There are 2 types of Savings Plans: Compute Savings Plans and EC2 Instance Savings Plans. Compute Savings Plans can be applied automatically regardless of family, size, region, etc whereas EC2 Savings Plans require you to commit to the same family in the same region. Both require commitments of either 1 year or 3 years.
Compute Savings Plans can be used for EC2 instances and Fargate. The program seems to be designed as a hybrid between AWS’s Enterprise Discount Program and AWS’s longstanding Reserved Instances pricing structure.
Essentially you can commit to a predetermined amount of ongoing compute for either 1 year or 3 years. In return, you receive a discount for that commitment. In the case of Compute Savings Plans, unlike Reserved Instances you don’t have to apply that commitment to a certain type of instance or family of instances, you’re simply agreeing to spend that much on overall EC2 usage or Fargate usage.
To be clear, it doesn’t matter which type of instances within EC2 or Fargate that you spend the commitment on, nor does it matter how many hours you run the services for.
In the case of EC2 Savings Plans, they’re a lot more similar to the classic Reserved Instance, requiring an organization to commit to an individual instance family in a specific region. They differ from RIs in as much as you can change the Instance Type within the family.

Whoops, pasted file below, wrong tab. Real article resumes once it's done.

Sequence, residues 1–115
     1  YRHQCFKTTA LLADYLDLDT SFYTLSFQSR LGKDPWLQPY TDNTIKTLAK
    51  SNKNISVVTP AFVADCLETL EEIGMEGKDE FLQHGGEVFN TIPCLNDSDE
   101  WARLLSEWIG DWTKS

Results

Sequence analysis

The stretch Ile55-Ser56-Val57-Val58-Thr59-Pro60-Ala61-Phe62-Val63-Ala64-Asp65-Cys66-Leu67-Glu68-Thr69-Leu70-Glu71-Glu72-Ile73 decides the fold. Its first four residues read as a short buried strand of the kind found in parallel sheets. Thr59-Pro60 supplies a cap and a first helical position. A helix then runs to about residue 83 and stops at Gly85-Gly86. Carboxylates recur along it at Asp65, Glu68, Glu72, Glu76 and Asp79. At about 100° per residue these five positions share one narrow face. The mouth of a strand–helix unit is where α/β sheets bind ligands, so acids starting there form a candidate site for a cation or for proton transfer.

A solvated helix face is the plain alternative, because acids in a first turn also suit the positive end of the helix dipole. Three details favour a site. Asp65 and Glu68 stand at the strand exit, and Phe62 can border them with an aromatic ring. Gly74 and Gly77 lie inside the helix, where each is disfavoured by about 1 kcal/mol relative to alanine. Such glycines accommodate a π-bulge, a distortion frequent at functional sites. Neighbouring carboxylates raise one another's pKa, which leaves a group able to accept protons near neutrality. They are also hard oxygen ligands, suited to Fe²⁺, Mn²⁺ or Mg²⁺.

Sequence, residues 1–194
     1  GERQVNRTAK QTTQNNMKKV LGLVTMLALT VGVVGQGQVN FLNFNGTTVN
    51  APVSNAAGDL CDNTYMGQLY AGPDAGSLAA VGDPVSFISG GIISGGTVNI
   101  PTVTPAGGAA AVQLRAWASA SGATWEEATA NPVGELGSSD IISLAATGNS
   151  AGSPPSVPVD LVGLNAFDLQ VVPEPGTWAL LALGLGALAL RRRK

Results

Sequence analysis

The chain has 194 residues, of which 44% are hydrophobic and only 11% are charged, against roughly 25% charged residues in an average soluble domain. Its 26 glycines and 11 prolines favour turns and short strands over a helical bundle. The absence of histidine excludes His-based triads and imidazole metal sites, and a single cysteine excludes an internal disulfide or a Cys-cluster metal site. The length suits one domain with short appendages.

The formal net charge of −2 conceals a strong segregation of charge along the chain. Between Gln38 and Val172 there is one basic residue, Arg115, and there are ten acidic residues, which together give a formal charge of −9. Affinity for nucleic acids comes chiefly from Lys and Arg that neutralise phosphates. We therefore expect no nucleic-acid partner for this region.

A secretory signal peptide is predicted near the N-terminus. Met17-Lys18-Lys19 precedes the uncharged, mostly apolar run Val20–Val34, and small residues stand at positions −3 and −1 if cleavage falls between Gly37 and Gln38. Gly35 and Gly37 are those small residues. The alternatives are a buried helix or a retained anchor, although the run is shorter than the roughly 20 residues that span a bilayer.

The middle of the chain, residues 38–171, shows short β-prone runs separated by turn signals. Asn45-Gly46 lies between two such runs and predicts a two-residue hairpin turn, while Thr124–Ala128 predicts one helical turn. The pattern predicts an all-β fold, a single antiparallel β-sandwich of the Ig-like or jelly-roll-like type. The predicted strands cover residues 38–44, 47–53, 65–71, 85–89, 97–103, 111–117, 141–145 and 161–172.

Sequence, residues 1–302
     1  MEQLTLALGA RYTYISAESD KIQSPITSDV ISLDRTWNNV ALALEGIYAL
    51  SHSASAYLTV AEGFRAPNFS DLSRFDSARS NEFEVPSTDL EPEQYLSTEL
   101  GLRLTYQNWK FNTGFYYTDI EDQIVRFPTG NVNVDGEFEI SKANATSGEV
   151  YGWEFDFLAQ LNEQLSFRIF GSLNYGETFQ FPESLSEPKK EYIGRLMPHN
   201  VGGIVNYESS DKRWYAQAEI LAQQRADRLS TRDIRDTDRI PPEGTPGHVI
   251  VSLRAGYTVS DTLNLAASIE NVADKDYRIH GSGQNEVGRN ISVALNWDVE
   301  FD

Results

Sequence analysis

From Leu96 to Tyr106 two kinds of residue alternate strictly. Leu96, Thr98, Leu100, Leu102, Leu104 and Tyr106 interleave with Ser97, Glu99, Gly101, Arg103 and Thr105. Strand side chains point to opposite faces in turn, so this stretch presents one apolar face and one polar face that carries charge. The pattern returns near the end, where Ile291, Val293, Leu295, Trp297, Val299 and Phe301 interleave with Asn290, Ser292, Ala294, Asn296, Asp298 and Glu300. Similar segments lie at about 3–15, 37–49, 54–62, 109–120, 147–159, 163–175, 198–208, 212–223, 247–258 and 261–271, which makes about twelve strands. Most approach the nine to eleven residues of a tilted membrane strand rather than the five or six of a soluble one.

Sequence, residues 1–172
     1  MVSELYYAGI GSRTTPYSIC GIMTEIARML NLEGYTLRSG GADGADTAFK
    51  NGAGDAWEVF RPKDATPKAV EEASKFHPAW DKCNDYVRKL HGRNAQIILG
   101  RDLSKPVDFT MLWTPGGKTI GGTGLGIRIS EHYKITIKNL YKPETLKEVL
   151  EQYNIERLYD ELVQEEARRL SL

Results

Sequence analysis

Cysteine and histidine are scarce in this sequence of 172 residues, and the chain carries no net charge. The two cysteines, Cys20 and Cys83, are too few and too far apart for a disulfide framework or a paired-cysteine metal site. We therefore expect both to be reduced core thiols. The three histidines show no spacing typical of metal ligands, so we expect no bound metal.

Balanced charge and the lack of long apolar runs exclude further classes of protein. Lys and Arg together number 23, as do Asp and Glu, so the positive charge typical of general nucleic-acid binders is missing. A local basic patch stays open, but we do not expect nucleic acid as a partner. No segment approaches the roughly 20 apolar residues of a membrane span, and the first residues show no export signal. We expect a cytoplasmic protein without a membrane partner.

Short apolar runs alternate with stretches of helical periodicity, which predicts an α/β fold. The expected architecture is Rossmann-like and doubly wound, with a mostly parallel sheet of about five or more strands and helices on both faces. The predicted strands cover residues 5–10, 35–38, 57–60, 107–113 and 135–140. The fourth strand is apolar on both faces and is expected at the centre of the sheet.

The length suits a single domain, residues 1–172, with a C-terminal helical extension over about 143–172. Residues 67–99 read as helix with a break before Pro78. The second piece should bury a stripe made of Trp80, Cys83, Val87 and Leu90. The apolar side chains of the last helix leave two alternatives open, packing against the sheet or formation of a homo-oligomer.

The discounts for AWS’s Savings Plans program vary depending on the length of your commitment and the plan you’re committing to. Like RIs, Amazon offers 1 and 3 years terms with No Upfront (pay monthly), Partial Upfront (pay some at the beginning and some monthly), and All Upfront (pay for everything right away). The discounts scale with your commitment but can be up to 72%.
At the time of launch in November 2019, you can expect the following discounts:
|Unit||Reserved Instance||EC2 Instance Savings Plan||Compute Savings Plan|
|Average 1 Year Discount||38%||29%||29%|
|Average 3 Year Discount||58%||58%||51%|
|Instance Size||Fixed (except Linux)||Flexible||Flexible|
|Geography||1 Region||1 Region||Flexible|
|Service||EC2 / RDS||EC2||EC2 / Fargate|
You can learn more about reserved instances in this blog post before you commit.
We believe so, but even with Savings Plans, it’s important that you plan correctly so that you make the correct commitment. If you’re coming off of RIs (or even if you’re not), make sure that your organization takes full account of what an instance scheduler for EC2 can provide when you calculate savings through elasticity and maybe consider using a tool like GorillaStack’s Cost Optimization to drive those savings.
Don’t get caught out by investing in 24/7/365 prices or specific instance types when you are now much freer to take advantage of AWS’s on-demand model. Bear in mind that you don’t have to buy your whole year upfront with on-demand. With Savings Plans, you may want to consider drip-feeding your prepurchases on a month-by-month basis as you become more comfortable with this new model of thinking about AWS discounting. If you’re looking for an alternative, you can also consider spot pricing.